Bristol Channel Pilot Cutters
Cariad, built 1904, at Milford Haven in 2008 Photo: John Plumb
Mischief, built 2007, at Cardiff Bay. Photo: Viv Head
These legendary vessels were strongly built and designed to be handled by a man and a boy as they vied with each other for the lucrative trade of putting pilots aboard incoming ships in the outer reaches of the Bristol Channel. Working in the fearsome waters of one of the highest tidal ranges in the world, the ships bred skilful seaman who in turn demanded ever faster and more seaworthy vessels.
The traditional rigged cutters, often referred to as pilot skiffs by the men who worked them, had a single gaff main sail with smaller topsail and two head sails though some in Swansea were ketch rigged with two masts. The average length of the pilot skiff was between 40 and 50 feet though some reached up to 60 feet. And they often sailed far afield in search of work, sometimes well south of Land’s End or across to the Irish coast and around Wales as far as Liverpool. In summer months, time was taken off for regular regattas between the pilot skiffs of various ports. Indeed an annual race continues to this day, organised by Barry Yacht Club, essentially for pilot cutters although open to all gaff rigged boats.
Hundreds of these craft were built during the 19th and early 20th centuries. Many were built in the Bristol Channel on both the English and Welsh sides, but others were also built in Cornwall and Lancashire. It is believed that perhaps seventeen of these original pilot skiffs still survive today. Given the difficult sailing conditions and the cut-throat nature of the work, many were lost due to collisions with larger ships or being wrecked on rocks or shallows exposed at low tides. In one list of seventy-three pilot cutters, more than 30 percent of them were known to have been lost at sea. A good example perhaps is the Lizzie & May built by J.P. Hambly & Sons of Cardiff in 1890. Two years later, in 1892 she was wrecked after being stranded off Barry. Undeterred, the owner went back to Hamblys and ordered a replacement, also called Lizzie & May, which was launched in 1893. The following year she too was lost after a collision near the lightship. Lizzie & May was not a lucky name.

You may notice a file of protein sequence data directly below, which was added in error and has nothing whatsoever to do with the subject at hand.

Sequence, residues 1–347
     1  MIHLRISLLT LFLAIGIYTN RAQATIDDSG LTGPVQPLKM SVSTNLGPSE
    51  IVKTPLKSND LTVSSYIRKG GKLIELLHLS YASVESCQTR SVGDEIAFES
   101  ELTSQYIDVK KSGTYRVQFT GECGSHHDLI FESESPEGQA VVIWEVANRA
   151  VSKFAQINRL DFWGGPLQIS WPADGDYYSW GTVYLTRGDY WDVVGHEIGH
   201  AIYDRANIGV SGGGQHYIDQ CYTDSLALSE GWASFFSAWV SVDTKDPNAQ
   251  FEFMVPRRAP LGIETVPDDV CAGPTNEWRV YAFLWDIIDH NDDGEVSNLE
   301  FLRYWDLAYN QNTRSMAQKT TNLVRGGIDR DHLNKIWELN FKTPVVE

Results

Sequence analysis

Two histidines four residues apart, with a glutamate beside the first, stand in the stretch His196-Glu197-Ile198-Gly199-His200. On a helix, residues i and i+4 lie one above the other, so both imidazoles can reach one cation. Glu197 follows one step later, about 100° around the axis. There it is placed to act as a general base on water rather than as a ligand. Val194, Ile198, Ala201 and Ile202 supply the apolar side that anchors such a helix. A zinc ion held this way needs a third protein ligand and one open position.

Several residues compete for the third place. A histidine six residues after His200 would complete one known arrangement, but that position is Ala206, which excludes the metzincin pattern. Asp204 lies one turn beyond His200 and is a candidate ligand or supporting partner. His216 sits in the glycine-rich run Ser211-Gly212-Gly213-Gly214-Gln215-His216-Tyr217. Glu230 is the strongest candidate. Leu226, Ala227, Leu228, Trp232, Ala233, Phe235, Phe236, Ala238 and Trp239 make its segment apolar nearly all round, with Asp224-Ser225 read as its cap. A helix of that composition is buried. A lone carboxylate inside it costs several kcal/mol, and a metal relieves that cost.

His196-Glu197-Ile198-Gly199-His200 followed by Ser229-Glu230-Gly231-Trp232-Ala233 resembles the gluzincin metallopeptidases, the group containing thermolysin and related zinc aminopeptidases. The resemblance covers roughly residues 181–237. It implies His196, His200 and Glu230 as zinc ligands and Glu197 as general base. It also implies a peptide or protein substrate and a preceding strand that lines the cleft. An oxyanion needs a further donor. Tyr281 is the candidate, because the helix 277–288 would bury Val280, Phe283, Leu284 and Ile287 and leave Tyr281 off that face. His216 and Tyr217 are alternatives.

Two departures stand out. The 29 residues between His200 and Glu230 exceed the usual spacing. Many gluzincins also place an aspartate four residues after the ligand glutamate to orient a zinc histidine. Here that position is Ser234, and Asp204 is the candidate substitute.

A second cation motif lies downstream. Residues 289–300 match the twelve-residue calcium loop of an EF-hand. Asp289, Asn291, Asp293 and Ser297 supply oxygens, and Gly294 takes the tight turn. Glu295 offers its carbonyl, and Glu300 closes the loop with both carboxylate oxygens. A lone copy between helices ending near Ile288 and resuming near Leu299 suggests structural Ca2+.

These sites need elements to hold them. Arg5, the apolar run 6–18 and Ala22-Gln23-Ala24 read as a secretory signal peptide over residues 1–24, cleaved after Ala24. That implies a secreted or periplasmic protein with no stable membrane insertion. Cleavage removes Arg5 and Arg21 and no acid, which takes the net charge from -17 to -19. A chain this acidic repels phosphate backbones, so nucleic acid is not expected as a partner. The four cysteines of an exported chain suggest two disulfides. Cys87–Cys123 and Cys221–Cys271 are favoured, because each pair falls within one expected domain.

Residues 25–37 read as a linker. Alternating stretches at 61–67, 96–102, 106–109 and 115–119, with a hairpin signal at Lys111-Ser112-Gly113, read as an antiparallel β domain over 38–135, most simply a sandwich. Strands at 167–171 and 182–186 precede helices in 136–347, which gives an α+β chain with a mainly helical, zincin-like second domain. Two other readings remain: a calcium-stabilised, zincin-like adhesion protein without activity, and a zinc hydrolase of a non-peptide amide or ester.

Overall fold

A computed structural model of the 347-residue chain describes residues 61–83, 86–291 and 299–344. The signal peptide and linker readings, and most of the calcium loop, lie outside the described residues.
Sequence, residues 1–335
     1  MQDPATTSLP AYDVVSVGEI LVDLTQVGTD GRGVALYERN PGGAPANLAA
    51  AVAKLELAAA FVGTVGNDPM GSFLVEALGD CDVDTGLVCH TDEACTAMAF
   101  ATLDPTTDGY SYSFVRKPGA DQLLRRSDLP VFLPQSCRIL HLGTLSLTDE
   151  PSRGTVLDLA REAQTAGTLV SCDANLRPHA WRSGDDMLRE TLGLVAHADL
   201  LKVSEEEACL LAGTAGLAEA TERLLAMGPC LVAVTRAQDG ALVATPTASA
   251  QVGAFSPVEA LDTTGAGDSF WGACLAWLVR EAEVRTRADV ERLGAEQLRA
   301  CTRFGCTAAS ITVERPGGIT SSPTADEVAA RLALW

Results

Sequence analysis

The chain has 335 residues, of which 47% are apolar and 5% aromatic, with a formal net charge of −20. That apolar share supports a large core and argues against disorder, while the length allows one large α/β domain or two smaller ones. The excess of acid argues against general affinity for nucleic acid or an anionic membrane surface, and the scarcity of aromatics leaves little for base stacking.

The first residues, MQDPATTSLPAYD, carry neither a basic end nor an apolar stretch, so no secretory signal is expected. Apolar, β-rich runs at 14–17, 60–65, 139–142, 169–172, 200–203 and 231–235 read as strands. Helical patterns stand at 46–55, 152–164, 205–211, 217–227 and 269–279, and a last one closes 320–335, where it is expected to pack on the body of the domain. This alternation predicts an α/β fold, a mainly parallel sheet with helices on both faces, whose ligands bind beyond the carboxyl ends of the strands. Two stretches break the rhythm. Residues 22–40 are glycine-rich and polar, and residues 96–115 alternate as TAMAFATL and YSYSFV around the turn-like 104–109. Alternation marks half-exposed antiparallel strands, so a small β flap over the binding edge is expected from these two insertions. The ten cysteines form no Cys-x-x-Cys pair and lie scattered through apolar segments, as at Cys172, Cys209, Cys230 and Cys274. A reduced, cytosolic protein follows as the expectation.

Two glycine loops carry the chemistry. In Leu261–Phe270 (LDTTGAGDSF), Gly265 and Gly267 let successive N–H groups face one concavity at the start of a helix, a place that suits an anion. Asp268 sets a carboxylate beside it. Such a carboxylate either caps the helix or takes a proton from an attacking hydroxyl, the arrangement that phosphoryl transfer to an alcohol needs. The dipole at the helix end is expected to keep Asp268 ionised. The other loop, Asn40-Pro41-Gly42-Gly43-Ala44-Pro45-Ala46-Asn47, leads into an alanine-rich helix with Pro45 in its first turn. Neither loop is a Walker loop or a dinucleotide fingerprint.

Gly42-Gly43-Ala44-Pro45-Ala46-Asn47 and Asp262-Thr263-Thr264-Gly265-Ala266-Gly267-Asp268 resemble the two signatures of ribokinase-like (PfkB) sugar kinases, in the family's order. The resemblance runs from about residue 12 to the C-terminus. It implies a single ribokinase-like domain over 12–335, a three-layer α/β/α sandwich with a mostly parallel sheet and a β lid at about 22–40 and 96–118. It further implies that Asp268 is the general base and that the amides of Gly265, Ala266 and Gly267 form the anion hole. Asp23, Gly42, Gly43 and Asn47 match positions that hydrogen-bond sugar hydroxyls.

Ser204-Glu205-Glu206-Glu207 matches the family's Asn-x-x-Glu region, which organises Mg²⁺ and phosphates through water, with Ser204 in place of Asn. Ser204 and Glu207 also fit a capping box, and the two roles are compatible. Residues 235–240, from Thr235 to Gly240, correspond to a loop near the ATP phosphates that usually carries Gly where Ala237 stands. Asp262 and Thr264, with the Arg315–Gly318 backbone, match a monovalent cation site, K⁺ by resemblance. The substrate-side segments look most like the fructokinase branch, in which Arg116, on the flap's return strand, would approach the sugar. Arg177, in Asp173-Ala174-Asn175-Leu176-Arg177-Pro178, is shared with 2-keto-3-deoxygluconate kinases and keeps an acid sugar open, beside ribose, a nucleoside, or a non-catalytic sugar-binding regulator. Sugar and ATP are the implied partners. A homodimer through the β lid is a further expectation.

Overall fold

There have been three pilot cutters named ‘Mischief’. The first was built in Swansea in 1876 for William Morgan, more commonly known as Billie Mischief and a fine seaman. When running before a gale on one occasion he put into Ilfracombe, not an easy harbour to get into in rough weather, with all sails standing and was able to bring her up without colliding with anything. It was a feat of great skill and was recalled for many years afterwards. Mischief however was eventually lost after a collision off Barry in 1888. William Morgan had a second Mischief built, this time by Thomas Baker of Cardiff, in 1906 and she remained in service until 1921. In 1952 she was bought by the legendary explorer Bill Tilman who sailed her for more than 100,00 miles including in hostile Arctic and Antarctic waters. Eventually, she was lost off Jan Meyen Island in 1968. Bill Tilman went on to own two more Bristol Channel pilot cutters, Sea Breeze, wrecked in Greenland in 1972 and Baroque, also built in Cardiff, in 1902, and which survives to this day under Swedish ownership and available for charter in Stockholm. A third Mischief was built by Underfall’s Yard in Bristol and launched in November 2007. She too is available for charter, for expeditions on the west coast of Scotland.
Pilot cutters are wonderfully graceful sailing ships and provide a nostalgic link to the past. A number have featured in films and television programmes and they are as popular as ever. At least ten replicas have been newly built in recent years.